The chronic phase is the most common, representing 85% of diagnoses. Patients can be asymptomatic and many in this phase will be diagnosed by routine lab testing.5 According to the World Health Organization, the accelerated phase is defined as CML patients with one of the following: 10%-19% blasts, basophils ≥20%, platelets <100,000/microL or >1,000,000/microL, unresponsive to therapy, splenomegaly unresponsive to therapy, an increasing white cell count unresponsive to therapy, or cytogenetic evolution.6 Blast crisis is the most aggressive phase and is usually defined by ≥20% blasts, large foci or clusters of blasts on the bone marrow biopsy, or the presence of extramedullary blastic infiltrates.7,8

The diagnosis of CML should be suspected in the presence of distinct lab abnormalities in the peripheral blood. These include elevated white blood cell counts with a median count of 100,000 cells/microL, elevated platelet counts, and a mild normocytic normochromic anemia. Platelet counts of 600,000 or greater have been seen in 15%-30% of patients at the time of diagnosis. The white count differential can show a variety of cells but there will be a notably greater percentage of myelocytes than metamyelocytes. Bone marrow biopsy will reveal increased cellularity, normal to slightly elevated percentage of blasts, and reticulin fibrosis. The diagnosis should be confirmed by the presence of the Philadelphia chromosome either by cytogenetics, fluorescence in situ hybridization, or reverse-transcription polymerase chain reaction (RT-PCR). The Philadelphia chromosome is found in 90%-95% of patients with CML. Most of the remaining patients will have other translocations, but a small minority will have no detectable genetic abnormalities and those patients are known as Ph-negative.9

Treatment options for CML include potential cure with allogeneic hematopoietic stem-cell transplant (HSCT) or disease control using tyrosine kinase inhibitors (TKIs). TKIs are the initial treatment of choice for newly diagnosed patients and are able to produce long-term remission in most patients. The drugs in this category include imatinib, dasatinib, and nilotinib. They work by inhibiting the Bcr-Abl tyrosine kinase, thereby blocking proliferation and inducing apoptosis in Bcr-Abl-positive cells. The majority of patients with chronic-phase CML will have an excellent response to initial treatment with a TKI. It is critical to follow these patients on a regular basis and monitor their disease status. Although the gold standard for assessing cytogenetic response is cytogenetic analysis of a bone marrow biopsy, more sensitive methods such as quantitative PCR using peripheral blood are now available, thereby minimizing the need for bone marrow biopsy. Patients in the accelerated phase are more difficult to manage because they are resistant to most forms of treatment and have short-lived responses to TKI therapy. These patients should strongly be considered for transplantation. Patients in blast crisis have aggressive disease that is more complex and requires more extensive testing. These patients should ideally be treated at tertiary care centers and treatment often involves chemotherapy in addition to TKI therapy usually followed by HSCT.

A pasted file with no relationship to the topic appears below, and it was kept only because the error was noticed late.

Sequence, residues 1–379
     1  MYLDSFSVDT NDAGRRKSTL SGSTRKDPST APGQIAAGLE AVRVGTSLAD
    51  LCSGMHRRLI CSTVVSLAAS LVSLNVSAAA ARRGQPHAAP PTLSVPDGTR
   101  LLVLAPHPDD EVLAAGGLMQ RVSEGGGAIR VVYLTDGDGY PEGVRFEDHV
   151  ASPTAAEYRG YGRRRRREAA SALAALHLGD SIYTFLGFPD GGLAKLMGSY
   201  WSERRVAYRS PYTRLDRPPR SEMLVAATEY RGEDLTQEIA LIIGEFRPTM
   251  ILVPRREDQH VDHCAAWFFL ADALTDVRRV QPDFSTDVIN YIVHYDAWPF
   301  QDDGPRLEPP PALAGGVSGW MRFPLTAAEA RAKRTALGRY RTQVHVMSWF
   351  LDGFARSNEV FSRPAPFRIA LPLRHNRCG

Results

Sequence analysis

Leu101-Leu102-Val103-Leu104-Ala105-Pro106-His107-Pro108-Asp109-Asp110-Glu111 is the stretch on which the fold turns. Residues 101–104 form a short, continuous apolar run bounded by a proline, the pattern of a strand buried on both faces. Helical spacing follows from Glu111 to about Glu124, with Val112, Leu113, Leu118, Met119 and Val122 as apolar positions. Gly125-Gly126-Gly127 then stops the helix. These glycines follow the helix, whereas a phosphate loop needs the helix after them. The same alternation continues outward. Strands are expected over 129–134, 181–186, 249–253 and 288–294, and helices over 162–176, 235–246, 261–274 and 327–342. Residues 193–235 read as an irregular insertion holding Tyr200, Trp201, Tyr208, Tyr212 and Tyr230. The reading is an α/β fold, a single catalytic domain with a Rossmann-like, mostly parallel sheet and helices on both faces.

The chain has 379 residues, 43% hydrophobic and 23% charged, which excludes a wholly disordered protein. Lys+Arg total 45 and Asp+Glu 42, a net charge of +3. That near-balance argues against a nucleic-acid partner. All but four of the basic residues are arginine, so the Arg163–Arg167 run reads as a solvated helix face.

Atraumatic splenic rupture (ASR) presents similarly to traumatic splenic rupture with typical symptoms being acute onset of upper abdominal, left chest wall, or left shoulder pain (Kehr’s sign) but without a known history of trauma. Quick recognition and surgical intervention represent the best means of definitive care.10 Renzulli and colleagues conducted a literature review for all ASR cases from 1980-2008, examining 632 publications representing 845 cases. They examined the cases using logistic regression analysis to better define the clinicopathology behind ASR. The reported causes of ASR are neoplastic processes (30.3%), infectious (27.3%), inflammatory noninfectious (20.0%), drug- and treatment-related (9.2%), mechanical (6.8%), and normal spleen (6.4%). Treatment included total splenectomy in 84.1% of cases, organ-preserving surgery in 1.2%, and conservative measures in 14.7%. They reported an ASR-related mortality of 12.2%, with being older than 40 and neoplastic disorders associated with increased mortality – although male sex and splenomegaly have also been reported.11-13 Thomas and colleagues have reported on 48 cases of ASR related to hematologic malignancy showing acute myeloid leukemia being the most common cause (21%), followed by acute lymphoblastic leukemia (19%).2

Hematologic malignancies commonly cause splenic engorgement and pain although splenic rupture is an extremely rare event. Recent literature review has shown fewer than a thousand reported cases since 1980.4 There far fewer reported cases of ASR being related to CML, with most being reported as a complication.3,14 Based on our review, we could identify only a handful cases of CML with ASR being the initial symptom. These include a patient with Ph-negative CML and ASR following blast crisis, a patient with Phil-negative BCR-ABL-positive essential thrombocythemia, several cases in which the patient ultimately died, and 1 in which the patient survived into remission.4,14-16 Our case is different because the patient was ultimately positive for t(9,22)(q34;q11.2) and although he experienced multiple complications, he is currently functioning at his baseline and in remission. We hope this case will remind others that CML should be considered in the differential diagnosis of patients ASR.